I think Americans could stand to learn a thing or two from the French about the beautiful flavor and versatility of the pear. They're great thin-sliced on a turkey sandwich with some white cheese and cranberry mustard. Or baked in cinnamon. Or diced up in a chef salad with some Gorgonzola or Roquefort and candied pecans. Plus its hard to beat a really nice, bright, ripe pear eaten in hand at its peak on a winter day.

Before you knock it, when did you last eat a fresh, ripe pear?
Anybody got a favorite pear recipe? I'm thinking of trying this one. It sounds slightly freaky, I know - what with the Swiss cheese and all. Yet, it's strangely appealing to me.

So what did you eat today that you'd really like to thank God for?

I'm giving God thanks for pears.

Friday, January 8, 2010

Surprised by Integrity

After Christmas we snuck down to Myrtle Beach for a few days vacation with some long-time friends of ours, The Bolducs. Together we enjoyed the beach.

We enjoyed the indoor water park during the day, and playing charades in the evening.

We ate meals together.

(Rick, me, P.J., Bill, Haley, Alania)

I think my favorite was my daughter's birthday lunch at the Margarativille restaurant. Not only did they give Alaina a massive strawberry shortcake birthday cake, but a gal on stilts came to our table and made Alaina a giant balloon hat. Then had her wear it while taking her up front, getting the entire restaurant's attention, and having them all sing happy birthday to her. Now that's a memorable birthday moment.

And we enjoyed some shopping at the outlet mall. I got a new Calphalon pot (only $24!), my daughter got a winter coat, my son got a book and socks. Rick got a case of the blues ... because he lost his wallet there, which contained his licence, university ID, debit card, American Express card, and lots of cash.

We made various phone calls to the mall when we realized - 2 days later - it was missing. But no one had seen it. Then we canceled all our plastic cards, prayed for protection from identity theft and asked God to somehow return the wallet to us.

A week later, the outlet mall called saying they had it and would mail it to us. I wondered if it would be empty.

Yesterday it arrived with every singe thing in it, including all $125 dollars! God is good. So is the person who found it and turned it in as is. May they be blessed 100-fold this month for that display of kindness and integrity.

Giving thanks God for honest people.

Monday, January 4, 2010

In 2010, hapiness is ...

My friend Marybeth wants a new post, an inspiring New Year's sort of post. And what kind of friend would I be if I didn't try to oblige?

So here it goes, MB.

Ben Franklin said, "The Constitution only guarantees American people the right to pursue happiness. You have to catch it yourself."

Ever notice that? Life and liberty are fully granted by the U.S. Constitution but the wise authors of this document knew that happiness can't be granted. It has to be found. Or developed. Or maybe carved out.

I am quite sure it has to be nurtured if you want it to last.

What exactly is happiness - ever thought about that? We recognize it when we feel it, but in the lulls between those warm, fuzzy feelings, can we define it? I don't mean define it like Webster would, but define it for us individually. Because I'm thinking we don't always feel it when it comes around. I'm thinking we sometimes miss it ... Even better, can we define it as Christ might if He were to hop on blogger here and post a comment to this question.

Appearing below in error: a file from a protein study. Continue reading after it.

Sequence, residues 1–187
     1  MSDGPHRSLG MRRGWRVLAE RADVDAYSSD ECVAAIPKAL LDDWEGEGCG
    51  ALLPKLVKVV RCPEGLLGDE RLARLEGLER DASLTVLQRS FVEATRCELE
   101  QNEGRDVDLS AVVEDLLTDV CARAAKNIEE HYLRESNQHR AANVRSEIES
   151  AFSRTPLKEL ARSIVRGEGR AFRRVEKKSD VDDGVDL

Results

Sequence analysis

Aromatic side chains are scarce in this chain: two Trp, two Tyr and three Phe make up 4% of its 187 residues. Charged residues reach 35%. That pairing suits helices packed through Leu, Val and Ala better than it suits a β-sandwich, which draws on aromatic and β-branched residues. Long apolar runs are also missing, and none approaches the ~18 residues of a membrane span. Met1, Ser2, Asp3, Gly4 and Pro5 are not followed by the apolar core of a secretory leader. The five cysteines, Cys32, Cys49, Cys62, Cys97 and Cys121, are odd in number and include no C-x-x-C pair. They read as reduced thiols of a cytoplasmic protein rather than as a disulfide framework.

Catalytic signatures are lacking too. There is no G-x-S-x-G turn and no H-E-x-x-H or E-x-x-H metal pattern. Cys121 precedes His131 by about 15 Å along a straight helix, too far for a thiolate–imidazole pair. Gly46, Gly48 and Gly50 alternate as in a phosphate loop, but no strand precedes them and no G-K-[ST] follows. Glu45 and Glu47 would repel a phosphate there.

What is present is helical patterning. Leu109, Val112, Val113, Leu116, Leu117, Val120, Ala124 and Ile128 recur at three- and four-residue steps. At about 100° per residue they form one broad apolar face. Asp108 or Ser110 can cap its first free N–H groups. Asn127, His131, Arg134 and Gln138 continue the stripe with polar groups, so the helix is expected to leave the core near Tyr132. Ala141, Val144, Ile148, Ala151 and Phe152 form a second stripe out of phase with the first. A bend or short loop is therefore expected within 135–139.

So what is your happy?

And for that matter, what can you do to catch it? Or create it? Or position yourself to receive it?

How can you start your day differently in 2010 to catch more happiness?

How can you approach your work and responsibilities differently in 2010 to catch more happiness?

How can you set up your environment differently in 2010 to inspire more happiness?

How can you react to interruptions or distractions to preserve more happiness?

How can you complete your days in 2010 to catch more happiness?

I can't answer those questions for you, but this much I know: If you define your happy in terms of your circumstances - like having a big, clean house, or a big, cushy income, or a hassle-free day - you'll probably experience less happiness than if you define it more simply. More organically. And that's not just because most people will never have a big, cushy income, a totally clean MacMansion, and a hassle free day all at the same time.

Listen to this key to happiness from the author of Hebrews 13:5: "Don’t love money; be satisfied with what you have. For God has said, 'I will never fail you. I will never abandon you.'”

And this one from Psalm 16:11: "You will show me the way of life, granting me the joy of your presence and the pleasures of living with you forever."

Or consider this from Ecclesiastes 8:15, "So I recommend having fun, because there is nothing better for people in this world than to eat, drink, and enjoy life. That way they will experience some happiness along with all the hard work God gives them under the sun."

So give it some thought. "What's your happy?"

And if you give this a lot of thought and decide to really embrace this notion of defining and catching your happiness - which I plan to do in 2010 - I really hope you'll share your answers, process or outcome here. Because we can all use a little more happiness ... and a little instruction or inspiration for catching it. Right, Marybeth?
Thanking God for the chance to puruse happiness in 2010.